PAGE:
WASHINGTON (Reuters) - Barack Obama should act from the moment of his inauguration to restore a U.S. image battered by allegations of torturing terrorism suspects, said a group of retired military leaders planning to press their case with the president-elect’s transition team on Wednesday.
“We need to remove the stain, and the stain is on us, as well as on our reputation overseas,” said retired Vice Adm. Lee Gunn, former Navy inspector general.
Gunn and about a dozen other retired generals and admirals, who are scheduled to meet Obama’s team in Washington, said they plan to offer a list of anti-torture principles, including some that could be implemented immediately.
They include making the Army Field Manual the single standard for all U.S. interrogators. The manual requires humane treatment and forbids practices such as waterboarding — a form of simulated drowning widely condemned as torture.
Other immediate steps Obama could take are revoking presidential orders allowing the CIA to use harsh treatment, giving the International Red Cross access to all prisoners held by intelligence agencies and declaring a moratorium on taking prisoners to a third country for harsh interrogations.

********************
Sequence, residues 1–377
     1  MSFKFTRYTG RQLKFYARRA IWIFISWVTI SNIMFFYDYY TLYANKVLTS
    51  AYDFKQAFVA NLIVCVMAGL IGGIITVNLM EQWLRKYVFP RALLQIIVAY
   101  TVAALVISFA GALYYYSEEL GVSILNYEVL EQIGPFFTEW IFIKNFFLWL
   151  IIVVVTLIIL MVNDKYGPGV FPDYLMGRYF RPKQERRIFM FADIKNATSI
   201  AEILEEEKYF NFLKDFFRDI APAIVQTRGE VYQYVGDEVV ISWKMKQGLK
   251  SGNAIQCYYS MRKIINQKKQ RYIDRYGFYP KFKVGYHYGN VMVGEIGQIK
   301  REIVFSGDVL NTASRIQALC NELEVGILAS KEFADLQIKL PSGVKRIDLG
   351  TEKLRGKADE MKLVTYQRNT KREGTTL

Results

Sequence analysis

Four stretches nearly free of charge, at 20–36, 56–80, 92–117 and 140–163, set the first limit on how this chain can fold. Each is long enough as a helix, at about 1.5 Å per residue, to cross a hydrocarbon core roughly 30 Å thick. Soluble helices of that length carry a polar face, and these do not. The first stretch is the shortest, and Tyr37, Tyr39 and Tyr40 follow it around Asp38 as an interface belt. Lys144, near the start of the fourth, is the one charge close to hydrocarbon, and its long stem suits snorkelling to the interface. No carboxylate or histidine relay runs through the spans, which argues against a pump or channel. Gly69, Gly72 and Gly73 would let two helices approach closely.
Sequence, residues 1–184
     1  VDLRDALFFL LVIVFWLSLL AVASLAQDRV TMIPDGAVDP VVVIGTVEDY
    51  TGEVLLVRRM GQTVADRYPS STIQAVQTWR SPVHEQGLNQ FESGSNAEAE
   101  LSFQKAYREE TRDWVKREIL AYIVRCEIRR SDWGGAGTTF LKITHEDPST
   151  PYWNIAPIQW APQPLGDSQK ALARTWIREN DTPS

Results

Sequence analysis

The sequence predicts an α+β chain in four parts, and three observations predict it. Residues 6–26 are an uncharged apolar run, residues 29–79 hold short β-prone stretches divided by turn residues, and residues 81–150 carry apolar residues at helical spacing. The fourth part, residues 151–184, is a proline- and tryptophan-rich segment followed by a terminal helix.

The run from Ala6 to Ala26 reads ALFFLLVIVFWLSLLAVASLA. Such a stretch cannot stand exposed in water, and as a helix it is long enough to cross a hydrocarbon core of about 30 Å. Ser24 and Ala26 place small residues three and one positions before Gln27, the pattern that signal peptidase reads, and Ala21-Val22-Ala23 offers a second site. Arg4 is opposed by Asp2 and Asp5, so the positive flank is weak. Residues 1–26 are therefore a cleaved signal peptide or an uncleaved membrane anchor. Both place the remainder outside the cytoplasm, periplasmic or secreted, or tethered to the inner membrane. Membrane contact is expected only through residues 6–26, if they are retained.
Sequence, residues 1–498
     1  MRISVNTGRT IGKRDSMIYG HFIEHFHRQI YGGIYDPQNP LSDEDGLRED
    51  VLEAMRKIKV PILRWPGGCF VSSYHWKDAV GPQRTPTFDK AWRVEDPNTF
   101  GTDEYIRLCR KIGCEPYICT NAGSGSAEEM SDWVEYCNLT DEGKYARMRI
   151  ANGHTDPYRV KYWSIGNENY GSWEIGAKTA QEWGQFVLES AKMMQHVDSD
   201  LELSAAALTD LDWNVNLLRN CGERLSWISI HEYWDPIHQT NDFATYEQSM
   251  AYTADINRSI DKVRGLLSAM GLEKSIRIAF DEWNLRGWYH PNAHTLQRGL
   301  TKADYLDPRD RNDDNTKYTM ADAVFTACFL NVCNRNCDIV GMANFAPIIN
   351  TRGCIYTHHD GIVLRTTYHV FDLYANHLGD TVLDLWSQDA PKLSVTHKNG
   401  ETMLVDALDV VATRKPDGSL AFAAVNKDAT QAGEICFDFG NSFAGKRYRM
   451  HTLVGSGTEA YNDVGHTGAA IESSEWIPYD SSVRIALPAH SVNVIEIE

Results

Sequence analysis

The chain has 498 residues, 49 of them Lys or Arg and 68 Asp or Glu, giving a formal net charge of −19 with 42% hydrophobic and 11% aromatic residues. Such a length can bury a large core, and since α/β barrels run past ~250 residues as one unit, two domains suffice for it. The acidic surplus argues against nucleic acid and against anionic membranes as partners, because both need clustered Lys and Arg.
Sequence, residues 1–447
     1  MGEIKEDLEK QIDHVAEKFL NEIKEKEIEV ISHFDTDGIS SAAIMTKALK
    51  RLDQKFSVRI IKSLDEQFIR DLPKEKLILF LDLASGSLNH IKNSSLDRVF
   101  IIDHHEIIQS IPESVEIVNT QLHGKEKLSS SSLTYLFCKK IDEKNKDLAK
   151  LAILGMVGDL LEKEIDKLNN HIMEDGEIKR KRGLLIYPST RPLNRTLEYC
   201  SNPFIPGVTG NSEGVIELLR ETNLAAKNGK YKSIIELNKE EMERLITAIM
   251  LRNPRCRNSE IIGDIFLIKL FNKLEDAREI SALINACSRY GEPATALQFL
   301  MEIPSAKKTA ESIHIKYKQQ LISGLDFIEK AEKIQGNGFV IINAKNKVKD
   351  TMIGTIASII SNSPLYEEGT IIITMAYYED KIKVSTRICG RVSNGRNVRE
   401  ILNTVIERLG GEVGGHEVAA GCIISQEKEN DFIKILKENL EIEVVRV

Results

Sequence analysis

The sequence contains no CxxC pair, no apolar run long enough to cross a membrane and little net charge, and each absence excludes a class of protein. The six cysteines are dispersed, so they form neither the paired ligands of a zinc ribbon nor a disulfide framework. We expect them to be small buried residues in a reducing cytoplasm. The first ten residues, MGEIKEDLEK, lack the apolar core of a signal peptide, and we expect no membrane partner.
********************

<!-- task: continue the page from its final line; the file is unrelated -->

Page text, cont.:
“If he’d just put a couple of sentences in his inaugural address, stating the new position, then everything would flow from that,” said retired Maj. Gen. Fred Haynes, whose regiment in World War Two raised the American flag on Iwo Jima.
Obama has denounced waterboarding and other forms of harsh questioning allowed by secret orders.
“Torture is how you create enemies, not how you defeat them,” he said in October 2007. He has also vowed to close the Guantanamo Bay prison for terrorism suspects, an international symbol of prisoner abuse.
U.S. President George W. Bush has repeatedly denied condoning torture, but the denials have widely rung hollow among U.S. and international audiences. A Justice Department report this year found the White House ignored reports it received that FBI agents viewed some interrogations as “borderline torture.”
Obama, Vice President-elect Joseph Biden and Sen. Hillary Clinton, Obama’s pick to be secretary of state, all met with the group of generals speaking out against torture during the Democratic presidential nomination race.
The group also has worked with Obama’s defeated opponent in the presidential race, Republican Sen. John McCain, in passing anti-torture legislation in the past, and he can continue to play a vital role, the officers said.
Some officers said they were comfortable with Obama’s decision to retain Defense Secretary Robert Gates. Retired Gen. Joseph Hoar, former head of the U.S. Central Command, said he was confident Gates was willing to carry out Obama’s agenda. He said Gates had done well since succeeding Donald Rumsfeld, who was blamed for fostering prisoner abuse.
Editing by Mohammad Zargham